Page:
Is it common to see renal failure triggered by high doses of topical acyclovir (Zovirax) (i.e., 800 mg five times a day)? The patient in question was obese, diabetic and hypertensive. Other medications include lisinopril (Zestril) 40 mg daily, metformin (Fortamet, Glucophage, Glumetza, Riomet) 1,000 mg b.i.d., and aspirin for pain. The last creatinine kinase level was 1.3 U/L. — David Laubenstein, RPAC, Fayetteville, N.Y.

High-dose parenteral acyclovir has long been known to be a cause of acute renal dysfunction, particularly if a patient does not remain well hydrated or experiences volume contraction. Some data show that high-dose oral regimens — particularly those for varicella zoster virus (VZV) manifestations in the elderly—may exacerbate renal dysfunction, but this documentation is less extensive than that for parenteral therapy. Drug-induced nephrotoxicity appears to be attributed to renal tubular damage caused by acyclovir-induced crystalluria (Pathol Lab Med. 2002;126:753-754).

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Topical acyclovir is available by prescription as a 5% cream and a 5% ointment. Applying roughly 0.5 inches (0.5 g of product) to a 4.5 in2 area of skin normally delivers approximately 25 mg of acyclovir. The topical cream is available in 2-g and 5-g tubes that contain only 100 mg and 250 mg of active drug, respectively. The ointment formulation is available in a 30 g tube that contains 1,500 mg of active drug.

Systemic absorption of topical acyclovir is poor. Several pharmacokinetic studies conducted by the manufacturer have demonstrated a minimal amount of systemic exposure following application, with many healthy subjects having undetectable levels. Only one uncontrolled study involving one patient with renal dysfunction showed any significant systemic absorption (, and, accessed July 15, 2012). The subject’s levels were still well below what would normally be expected with even the lowest oral dose (, accessed July 15, 2012).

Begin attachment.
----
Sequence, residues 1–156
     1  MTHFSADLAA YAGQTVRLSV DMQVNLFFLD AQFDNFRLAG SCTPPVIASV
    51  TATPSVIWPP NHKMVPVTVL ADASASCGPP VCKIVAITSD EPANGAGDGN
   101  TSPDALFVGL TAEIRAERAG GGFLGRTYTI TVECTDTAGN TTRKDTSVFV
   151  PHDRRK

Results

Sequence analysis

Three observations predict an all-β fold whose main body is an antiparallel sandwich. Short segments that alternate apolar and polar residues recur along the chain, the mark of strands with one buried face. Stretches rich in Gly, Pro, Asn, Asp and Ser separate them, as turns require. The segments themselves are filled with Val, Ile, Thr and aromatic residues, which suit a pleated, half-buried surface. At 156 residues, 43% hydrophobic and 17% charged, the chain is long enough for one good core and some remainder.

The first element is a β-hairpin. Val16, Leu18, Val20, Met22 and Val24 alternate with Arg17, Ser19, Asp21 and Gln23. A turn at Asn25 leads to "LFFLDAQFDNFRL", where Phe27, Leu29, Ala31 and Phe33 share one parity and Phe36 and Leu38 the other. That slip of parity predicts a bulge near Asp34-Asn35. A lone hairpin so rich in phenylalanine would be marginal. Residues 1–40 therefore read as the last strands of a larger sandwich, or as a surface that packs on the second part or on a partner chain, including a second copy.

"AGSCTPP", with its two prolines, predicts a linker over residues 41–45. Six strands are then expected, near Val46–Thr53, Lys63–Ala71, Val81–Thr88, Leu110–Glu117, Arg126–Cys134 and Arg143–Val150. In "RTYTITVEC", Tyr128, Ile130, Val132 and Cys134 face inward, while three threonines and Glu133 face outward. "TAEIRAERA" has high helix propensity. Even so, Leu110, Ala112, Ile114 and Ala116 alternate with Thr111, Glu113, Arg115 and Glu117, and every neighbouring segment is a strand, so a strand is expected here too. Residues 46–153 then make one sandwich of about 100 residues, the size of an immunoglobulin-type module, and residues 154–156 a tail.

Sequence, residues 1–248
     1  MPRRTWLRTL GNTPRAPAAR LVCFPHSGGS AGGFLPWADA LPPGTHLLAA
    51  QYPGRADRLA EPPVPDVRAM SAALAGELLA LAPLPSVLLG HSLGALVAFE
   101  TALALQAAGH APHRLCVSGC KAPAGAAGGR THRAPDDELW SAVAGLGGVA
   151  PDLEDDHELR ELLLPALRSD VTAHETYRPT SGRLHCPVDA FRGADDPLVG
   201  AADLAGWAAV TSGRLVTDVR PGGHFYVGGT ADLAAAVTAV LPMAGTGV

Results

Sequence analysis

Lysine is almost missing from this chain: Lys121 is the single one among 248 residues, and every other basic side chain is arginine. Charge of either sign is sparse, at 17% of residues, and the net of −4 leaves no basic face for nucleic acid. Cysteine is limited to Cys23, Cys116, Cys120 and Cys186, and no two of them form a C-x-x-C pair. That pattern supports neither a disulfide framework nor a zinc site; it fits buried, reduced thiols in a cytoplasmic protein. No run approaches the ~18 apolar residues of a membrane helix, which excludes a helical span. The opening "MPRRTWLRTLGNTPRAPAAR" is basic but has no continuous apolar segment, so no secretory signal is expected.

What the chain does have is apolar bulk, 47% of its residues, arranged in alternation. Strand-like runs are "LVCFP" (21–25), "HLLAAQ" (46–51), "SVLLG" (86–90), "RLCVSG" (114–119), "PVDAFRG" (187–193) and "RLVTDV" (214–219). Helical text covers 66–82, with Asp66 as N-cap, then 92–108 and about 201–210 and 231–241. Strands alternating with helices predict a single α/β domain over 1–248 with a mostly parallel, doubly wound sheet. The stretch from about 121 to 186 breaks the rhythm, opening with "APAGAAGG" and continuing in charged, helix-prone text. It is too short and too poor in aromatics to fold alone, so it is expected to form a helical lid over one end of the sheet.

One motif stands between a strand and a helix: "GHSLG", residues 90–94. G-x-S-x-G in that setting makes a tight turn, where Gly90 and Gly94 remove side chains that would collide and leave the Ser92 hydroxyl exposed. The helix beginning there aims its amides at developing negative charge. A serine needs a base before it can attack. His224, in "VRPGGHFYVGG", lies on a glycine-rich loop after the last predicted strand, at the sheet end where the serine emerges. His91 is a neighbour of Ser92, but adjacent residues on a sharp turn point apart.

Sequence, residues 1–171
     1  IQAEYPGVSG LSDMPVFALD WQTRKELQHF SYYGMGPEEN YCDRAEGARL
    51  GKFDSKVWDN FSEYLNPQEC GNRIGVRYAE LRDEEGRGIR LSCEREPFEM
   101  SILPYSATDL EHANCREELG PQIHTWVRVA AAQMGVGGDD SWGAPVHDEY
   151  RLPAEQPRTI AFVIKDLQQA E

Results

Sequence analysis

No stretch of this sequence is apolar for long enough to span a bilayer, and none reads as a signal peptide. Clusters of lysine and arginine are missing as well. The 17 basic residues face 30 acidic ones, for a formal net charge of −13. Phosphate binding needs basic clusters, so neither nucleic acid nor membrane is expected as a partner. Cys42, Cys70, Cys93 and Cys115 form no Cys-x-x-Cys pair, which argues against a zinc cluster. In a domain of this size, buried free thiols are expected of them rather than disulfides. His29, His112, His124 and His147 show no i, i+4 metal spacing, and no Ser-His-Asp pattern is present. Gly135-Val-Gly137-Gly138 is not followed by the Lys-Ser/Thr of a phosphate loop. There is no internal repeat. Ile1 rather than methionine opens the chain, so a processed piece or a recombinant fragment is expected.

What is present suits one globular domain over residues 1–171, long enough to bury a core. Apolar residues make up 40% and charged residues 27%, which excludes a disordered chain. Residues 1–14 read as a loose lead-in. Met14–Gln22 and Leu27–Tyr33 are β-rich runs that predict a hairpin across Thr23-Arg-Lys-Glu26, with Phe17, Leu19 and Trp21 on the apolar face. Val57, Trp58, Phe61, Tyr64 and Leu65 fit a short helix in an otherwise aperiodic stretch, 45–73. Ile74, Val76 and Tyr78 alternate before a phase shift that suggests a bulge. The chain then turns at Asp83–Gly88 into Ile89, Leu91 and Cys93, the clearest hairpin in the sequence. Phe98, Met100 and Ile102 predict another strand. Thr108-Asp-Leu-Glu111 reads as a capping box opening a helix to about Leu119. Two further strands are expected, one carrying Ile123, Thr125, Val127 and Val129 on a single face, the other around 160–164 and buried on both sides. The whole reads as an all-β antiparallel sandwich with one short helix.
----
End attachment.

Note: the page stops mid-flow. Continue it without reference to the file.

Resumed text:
The etiology of this patient’s renal failure is unlikely to be secondary to topical acyclovir. A more plausible explanation might be his risk factors for renal failure. Diabetes mellitus and hypertension are leading causes of end-stage renal disease. Additionally, depending on the patient’s baseline level, the ACE inhibitor lisinopril can increase the serum creatinine by decreasing the glomerular filtration rate and reducing intraglomerular pressure (Nephrol Dial Transplant. 2003;18:1973-1975; available at /content/18/10/1973.full, accessed July 15, 2012). Rarely does an ACE inhibitor induce renal failure unless in a setting of an elevated serum creatinine, dehydration, or other risk factors. Further, depending on the dose and length of time used, permanent kidney damage can result from aspirin and other common nonsteroidal anti-inflammatory drugs via prostaglandin synthesis inhibition. More rarely, a patient can develop analgesic-associated nephropathy from these products, which occurs acutely and is reversible (Annu Rev Pharmacol Toxicol. 1993;33:435-65).— Keri C. Anderson, PharmD, BCPS, Assistant Professor, Department of Pharmacy Practice; Mike Schwartz, PharmD, Chair, Associate Professor, Department of Pharmacy Practice; Tricia A. Howard, MHS, PA-C, Academic Coordinator/Assistant Professor, Physician Assistant Program, South University, Savannah, Ga. (166-3)

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